Big Data: Connecting and merging the dots

NOVEMBER 11, 2015 — Shipping is made up of a huge variety of sectors and sub-sectors. To effectively navigate the commercial and environmental pressures impacting today’s industry, it is essential that—from cradle to grave—they must all work together for collective gain. By Esa Henttinen, Executive Vice President, NAPA (Extended coverage from Marine Log's November 2015 issue).

 

Yet, the requirements and demands put upon naval architects and shipyards can sometimes feel worlds away from the day-to-day operation of vessels. The challenge of crews having different priorities and needs from their shore-based counterparts has also been well documented. So what can be done to draw these different groups together?

Years of experience in providing both ship design software to yards and onboard performance monitoring solutions that report in real-time to shore based offices, gives NAPA an interesting umbrella perspective. We have seen how sometimes the day-to-day demands on each of these industry segments, and regulations they are working to, can pull them each in different directions. But we can also see that, on the whole, their end goal is fundamentally the same – safe, efficient and productive vessels that serve both their owner and the wider supply chain.

Increasing visibility and understanding between each of these vital functions and helping each to understand their own contribution to the whole, and how it impacts and relates to work in other sectors, will be increasingly vital as the industry evolves technologically and comes under greater environmental scrutiny. With the advent of big data, better tools to analyze it and improved systems to share it, this is quickly becoming more feasible.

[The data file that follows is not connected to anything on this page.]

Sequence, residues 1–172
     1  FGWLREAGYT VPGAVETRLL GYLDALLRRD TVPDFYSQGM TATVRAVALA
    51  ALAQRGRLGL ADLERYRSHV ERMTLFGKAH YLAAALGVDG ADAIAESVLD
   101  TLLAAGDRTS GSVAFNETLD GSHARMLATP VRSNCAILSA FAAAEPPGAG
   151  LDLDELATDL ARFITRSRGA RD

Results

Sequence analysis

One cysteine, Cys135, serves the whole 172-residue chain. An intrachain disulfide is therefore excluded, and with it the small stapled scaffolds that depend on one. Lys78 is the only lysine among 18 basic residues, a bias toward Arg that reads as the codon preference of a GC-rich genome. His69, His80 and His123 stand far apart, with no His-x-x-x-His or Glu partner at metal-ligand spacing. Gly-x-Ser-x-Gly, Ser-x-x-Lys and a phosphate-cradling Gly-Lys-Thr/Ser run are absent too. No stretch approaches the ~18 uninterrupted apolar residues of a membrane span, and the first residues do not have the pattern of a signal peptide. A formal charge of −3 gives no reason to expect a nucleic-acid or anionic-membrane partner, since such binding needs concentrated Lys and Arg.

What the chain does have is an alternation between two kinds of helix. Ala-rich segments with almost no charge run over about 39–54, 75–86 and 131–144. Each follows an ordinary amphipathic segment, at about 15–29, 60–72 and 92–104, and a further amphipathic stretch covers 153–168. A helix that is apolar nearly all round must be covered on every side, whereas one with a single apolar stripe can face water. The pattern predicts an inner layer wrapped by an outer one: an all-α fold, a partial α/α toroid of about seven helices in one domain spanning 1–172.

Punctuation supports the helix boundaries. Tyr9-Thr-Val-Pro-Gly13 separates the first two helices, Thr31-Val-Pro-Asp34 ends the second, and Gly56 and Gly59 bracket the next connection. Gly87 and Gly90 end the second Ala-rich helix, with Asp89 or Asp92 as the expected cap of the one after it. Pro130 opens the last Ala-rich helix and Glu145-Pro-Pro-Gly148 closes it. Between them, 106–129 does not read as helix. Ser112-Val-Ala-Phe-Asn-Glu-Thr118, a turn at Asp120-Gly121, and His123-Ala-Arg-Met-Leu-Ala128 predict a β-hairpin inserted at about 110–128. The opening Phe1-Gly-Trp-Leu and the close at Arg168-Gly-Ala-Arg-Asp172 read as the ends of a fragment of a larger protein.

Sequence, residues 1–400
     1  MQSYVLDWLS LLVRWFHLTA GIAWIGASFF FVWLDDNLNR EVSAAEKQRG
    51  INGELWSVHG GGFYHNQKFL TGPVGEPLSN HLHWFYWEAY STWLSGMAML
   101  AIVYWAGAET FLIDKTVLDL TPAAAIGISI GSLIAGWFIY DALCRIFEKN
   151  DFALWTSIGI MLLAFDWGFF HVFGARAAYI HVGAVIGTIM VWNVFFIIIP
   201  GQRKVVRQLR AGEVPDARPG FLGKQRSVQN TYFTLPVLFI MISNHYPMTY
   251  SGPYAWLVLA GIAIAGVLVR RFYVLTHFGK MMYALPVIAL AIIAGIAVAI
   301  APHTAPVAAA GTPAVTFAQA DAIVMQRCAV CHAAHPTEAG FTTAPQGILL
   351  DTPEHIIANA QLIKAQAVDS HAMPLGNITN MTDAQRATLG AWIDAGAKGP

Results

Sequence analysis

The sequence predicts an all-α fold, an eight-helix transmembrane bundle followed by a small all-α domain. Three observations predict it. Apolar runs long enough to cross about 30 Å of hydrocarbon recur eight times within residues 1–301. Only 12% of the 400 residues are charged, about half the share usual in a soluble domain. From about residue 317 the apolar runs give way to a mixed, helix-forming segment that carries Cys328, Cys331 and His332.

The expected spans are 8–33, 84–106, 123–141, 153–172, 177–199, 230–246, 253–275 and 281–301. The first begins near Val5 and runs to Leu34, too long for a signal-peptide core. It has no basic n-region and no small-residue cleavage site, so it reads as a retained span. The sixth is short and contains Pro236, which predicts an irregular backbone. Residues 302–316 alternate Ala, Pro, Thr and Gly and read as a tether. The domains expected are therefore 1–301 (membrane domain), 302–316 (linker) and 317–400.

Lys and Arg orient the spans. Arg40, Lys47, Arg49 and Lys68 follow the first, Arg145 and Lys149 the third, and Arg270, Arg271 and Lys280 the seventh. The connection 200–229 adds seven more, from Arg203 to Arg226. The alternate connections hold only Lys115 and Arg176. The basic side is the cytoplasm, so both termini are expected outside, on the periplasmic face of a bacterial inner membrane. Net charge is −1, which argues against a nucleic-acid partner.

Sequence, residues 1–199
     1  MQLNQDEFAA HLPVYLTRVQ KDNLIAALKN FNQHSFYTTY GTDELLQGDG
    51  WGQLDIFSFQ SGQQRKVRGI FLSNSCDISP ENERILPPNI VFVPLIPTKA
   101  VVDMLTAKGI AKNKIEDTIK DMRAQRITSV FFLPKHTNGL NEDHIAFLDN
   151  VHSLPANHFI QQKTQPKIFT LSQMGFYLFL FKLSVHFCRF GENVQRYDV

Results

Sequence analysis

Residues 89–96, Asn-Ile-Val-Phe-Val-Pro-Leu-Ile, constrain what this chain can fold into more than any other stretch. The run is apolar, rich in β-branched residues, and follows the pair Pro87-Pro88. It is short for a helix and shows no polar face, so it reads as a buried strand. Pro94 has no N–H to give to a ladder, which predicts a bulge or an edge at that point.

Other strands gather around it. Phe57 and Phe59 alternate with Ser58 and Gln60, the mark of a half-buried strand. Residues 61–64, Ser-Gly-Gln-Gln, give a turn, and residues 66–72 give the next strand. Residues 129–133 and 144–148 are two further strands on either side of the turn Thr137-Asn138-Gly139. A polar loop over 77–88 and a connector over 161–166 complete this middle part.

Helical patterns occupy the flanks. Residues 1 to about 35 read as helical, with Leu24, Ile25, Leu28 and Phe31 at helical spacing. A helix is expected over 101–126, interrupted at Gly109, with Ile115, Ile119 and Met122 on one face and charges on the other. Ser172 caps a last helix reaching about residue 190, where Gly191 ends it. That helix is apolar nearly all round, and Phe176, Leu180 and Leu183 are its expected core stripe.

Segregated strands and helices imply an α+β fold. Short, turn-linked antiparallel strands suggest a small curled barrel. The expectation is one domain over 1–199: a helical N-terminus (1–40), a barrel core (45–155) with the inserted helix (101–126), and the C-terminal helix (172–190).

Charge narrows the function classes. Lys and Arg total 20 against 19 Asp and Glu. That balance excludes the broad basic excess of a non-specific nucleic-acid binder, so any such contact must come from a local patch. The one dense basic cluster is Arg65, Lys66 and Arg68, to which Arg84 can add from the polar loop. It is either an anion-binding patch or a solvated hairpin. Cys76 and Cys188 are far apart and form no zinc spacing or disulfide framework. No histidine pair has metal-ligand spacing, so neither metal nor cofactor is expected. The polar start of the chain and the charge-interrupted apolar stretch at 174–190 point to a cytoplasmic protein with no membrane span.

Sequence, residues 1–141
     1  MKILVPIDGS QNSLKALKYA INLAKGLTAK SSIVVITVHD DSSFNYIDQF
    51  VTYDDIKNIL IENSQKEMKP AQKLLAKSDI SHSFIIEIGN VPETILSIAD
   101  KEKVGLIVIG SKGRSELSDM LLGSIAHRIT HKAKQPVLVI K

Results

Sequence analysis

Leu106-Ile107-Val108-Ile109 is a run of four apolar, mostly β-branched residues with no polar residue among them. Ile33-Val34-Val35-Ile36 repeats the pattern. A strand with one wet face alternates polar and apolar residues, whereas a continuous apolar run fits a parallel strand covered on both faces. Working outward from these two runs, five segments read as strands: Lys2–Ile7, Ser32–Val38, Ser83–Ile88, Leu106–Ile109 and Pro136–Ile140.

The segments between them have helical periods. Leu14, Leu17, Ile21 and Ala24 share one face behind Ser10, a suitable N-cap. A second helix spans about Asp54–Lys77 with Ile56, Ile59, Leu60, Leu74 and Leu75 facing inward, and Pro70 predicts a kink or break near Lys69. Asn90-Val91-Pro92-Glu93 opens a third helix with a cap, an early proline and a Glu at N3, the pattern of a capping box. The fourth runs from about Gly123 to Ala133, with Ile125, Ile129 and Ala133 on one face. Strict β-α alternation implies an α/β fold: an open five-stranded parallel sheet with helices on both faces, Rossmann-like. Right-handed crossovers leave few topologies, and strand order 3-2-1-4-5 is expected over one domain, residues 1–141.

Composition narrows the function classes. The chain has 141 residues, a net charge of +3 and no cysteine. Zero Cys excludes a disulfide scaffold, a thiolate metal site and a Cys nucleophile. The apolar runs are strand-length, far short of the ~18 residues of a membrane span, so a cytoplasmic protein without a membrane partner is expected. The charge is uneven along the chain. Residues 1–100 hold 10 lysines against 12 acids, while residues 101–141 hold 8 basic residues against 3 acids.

Yards face increasing regulatory pressures that require internal validation as well as increased communication and data sharing with class societies. Tools and data interfaces are rapidly developing to make this a streamlined part of the vessel design process and deliver an easy shift from design terminals to construction plans for yards. But, by far the most interesting progress that data can help deliver is designing for real-world vessel performance. Until recently, yards designed vessels to meet the required sea-trial performance parameters – and sea-trial data confirming whether or not that aim was achieved was the only performance information they were provided with.

However, sea trial conditions rarely reflect those faced during real-world vessel transits and expected performance often doesn’t match with real experiences. Until now, that real world information never got back to the yard. The sea trial data was all they had to go on, so they were never able to identify these anomalies and correct them to deliver high-performance vessels for real conditions.

Performance monitoring tools have been in use for many years to collect this data for ship owners and operators. With an added layer of analysis it is now turned it into usable information for both shore-based offices and vessel crews to manage vessels in real time. More advanced performance monitoring and optimization tools like ClassNK-NAPA GREEN provide further big data analytics, combining weather, speed positioning and route data with measured vessel data to enable a true view of efficiency. It presents users with actionable information about each vessel and the fleet as a whole.